• Evaluate incentives for collaboration across teams and establish cross-functional incentives, for example using “name and fame” examples of effective cross-department co-operation to incentivise this behaviour. Establish shared goals between individual departments that incentivise reducing inefficiencies from organisational silos. For example, inspections departments could set cross-departmental goals to limit the number of duplicate information requests.

  • Push ANEEL’s shared vision and overarching regulatory approach throughout the entire organisation, and ensure that every staff member understands and feels commitment to shared objectives. Without a shared vision and objectives that percolate throughout the organisation, the benefits of cross-functional work will be limited and staff members may not be able to relate their activities to the organisation’s objectives. In addition to involving staff in the creation of strategic objectives, which ANEEL already does, ongoing communications tools that communicate ANEEL’s performance against objectives (both overarching objectives and those that relate to the work of a limited number of teams) can help staff members understand how their work is furthering the vision of the organisation. To complement annual and quarterly reporting of ANEEL’s performance, regular emails to staff, reporting progress and highlighting achievements, or a regularly-updated organisational dashboard could provide continuous information to staff on a limited number of key performance indicators.

While current ANEEL board members have highly relevant and technical backgrounds, the politicisation of board appointments for Brazilian agencies has been identified as an issue in the past. The Director General and four directors of ANEEL are appointed and, after approval by the Senate, nominated for five-year terms without renewal by the President of Brazil, as provided by law. One study suggests a growing number of political appointments in the early 2000s across federal regulatory agencies in Brazil, with an increase in the proportion of appointees without any relevant technical or academic experience between 2002 and 2005. Another study finds that less than half of directors between 1997 and 2014 had a post-graduate degree. The law, updated in 2019, does not preclude the possibility of the appointment of board members with a non-technical background. It formalises the requirement for a relevant academic background and spells out other requirements related to an appointee’s professional history. It specifies that a board appointee must have an unblemished reputation, a relevant academic background, and expertise in their field of specialty. It requires that appointees have a certain number of years of professional experience within one of the following categories:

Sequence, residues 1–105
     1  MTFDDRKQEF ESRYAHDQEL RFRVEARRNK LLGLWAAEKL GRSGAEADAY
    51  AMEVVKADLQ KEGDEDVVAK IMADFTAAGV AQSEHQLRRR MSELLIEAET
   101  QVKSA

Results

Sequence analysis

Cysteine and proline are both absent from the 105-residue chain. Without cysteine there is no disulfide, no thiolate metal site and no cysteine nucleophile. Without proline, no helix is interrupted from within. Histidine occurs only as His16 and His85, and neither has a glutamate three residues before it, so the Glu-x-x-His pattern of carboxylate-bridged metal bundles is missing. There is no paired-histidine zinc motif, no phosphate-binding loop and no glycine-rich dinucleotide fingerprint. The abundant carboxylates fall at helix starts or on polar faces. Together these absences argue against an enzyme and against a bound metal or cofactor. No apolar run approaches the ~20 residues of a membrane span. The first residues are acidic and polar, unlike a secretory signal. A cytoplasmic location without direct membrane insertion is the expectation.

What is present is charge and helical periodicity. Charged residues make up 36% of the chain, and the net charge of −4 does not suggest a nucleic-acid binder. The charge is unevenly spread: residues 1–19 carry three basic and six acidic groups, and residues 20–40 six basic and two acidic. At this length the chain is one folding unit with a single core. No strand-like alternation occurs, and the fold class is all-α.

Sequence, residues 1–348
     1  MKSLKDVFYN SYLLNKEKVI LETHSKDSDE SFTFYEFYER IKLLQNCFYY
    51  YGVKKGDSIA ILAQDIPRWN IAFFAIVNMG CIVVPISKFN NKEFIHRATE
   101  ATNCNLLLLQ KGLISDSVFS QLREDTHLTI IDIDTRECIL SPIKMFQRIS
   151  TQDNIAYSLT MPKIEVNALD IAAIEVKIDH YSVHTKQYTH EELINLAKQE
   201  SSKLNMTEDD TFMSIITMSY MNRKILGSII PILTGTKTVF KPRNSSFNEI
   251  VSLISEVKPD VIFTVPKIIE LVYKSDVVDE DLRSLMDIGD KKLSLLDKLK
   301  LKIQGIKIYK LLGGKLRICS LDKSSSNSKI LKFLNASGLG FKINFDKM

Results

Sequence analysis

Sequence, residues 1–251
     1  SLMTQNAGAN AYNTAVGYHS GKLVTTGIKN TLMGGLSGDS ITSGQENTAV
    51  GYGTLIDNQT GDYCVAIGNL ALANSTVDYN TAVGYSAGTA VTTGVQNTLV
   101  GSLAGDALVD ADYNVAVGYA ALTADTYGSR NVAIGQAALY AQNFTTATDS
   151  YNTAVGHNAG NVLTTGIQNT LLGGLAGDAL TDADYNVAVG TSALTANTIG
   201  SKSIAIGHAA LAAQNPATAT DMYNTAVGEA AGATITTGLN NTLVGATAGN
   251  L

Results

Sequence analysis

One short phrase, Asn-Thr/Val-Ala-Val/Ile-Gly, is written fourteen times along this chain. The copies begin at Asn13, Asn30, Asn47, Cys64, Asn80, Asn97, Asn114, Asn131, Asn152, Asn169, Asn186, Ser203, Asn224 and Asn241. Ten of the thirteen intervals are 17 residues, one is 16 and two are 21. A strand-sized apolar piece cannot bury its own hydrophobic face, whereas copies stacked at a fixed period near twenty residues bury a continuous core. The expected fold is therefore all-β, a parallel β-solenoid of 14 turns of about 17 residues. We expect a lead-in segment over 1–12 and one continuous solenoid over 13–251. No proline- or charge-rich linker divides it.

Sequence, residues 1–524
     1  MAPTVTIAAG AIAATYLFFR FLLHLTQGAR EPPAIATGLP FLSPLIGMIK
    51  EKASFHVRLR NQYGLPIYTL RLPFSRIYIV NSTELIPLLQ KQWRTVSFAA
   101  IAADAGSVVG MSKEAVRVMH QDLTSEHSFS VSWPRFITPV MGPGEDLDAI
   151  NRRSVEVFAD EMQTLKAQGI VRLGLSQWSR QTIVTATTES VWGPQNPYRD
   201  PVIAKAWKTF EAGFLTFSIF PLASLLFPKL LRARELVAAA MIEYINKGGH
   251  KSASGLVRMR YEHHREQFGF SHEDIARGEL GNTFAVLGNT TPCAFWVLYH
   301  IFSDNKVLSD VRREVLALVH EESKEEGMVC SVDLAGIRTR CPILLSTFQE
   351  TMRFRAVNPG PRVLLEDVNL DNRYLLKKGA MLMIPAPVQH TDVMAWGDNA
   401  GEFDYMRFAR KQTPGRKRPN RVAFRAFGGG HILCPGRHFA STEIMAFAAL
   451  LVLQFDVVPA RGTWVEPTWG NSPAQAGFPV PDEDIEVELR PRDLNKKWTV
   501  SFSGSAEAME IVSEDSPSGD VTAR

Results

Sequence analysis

1. 1. the public or private sector in the field of the agency or a related area,

  2. 2. company in the agency’s field in a senior management position,

  3. 3. the public sector at a position higher than a specified level,

  4. 4. the academic and research field as a professor or researcher in a relevant area, or

  5. 5. the liberal profession field in a relevant area.

It is not uncommon for administrations to appoint directors in line with party affiliations, which has the potential to increase the responsiveness of the agency to government requests and also may contribute to the politicisation of an agency. An analysis of the party affiliation of directors across federal infrastructure sector regulators finds that a significant minority of appointees are affiliated to a party at the time of nomination across:10 15% in the Fernando Henrique Cardoso government, 23% in the Luiz Inácio Lula da Silva government, and 15% in the Dilma Rousseff administration. The politicisation of the board may also occur through strategic vacancies, whereby the executive delays the nomination of new board members. There is evidence that the executive has made use of this technique in the past three administrations. The current board members all have relevant industry or regulatory backgrounds, and decision-making by the majority reduces the risk that any one appointee would sway the board. Nevertheless, the possibility of politicised appointments (even if only a perception) could be a risk to the credibility of the agency.

ANEEL’s board operates in close proximity to its technical departments, delegating regulatory activities to the departments with strong technical capacity and a degree of autonomy but maintaining its role as the final decision-making authority. The departments elaborate the agency’s technical work, bringing the product to the board for the final vote as written in ANEEL’s organisational norms and described below. Certain competences must remain with the board by law, and the board has formally delegated other activities to departments. According to the regulator, ANEEL’s horizontal structure with only two layers of hierarchy makes the agency agile and swift.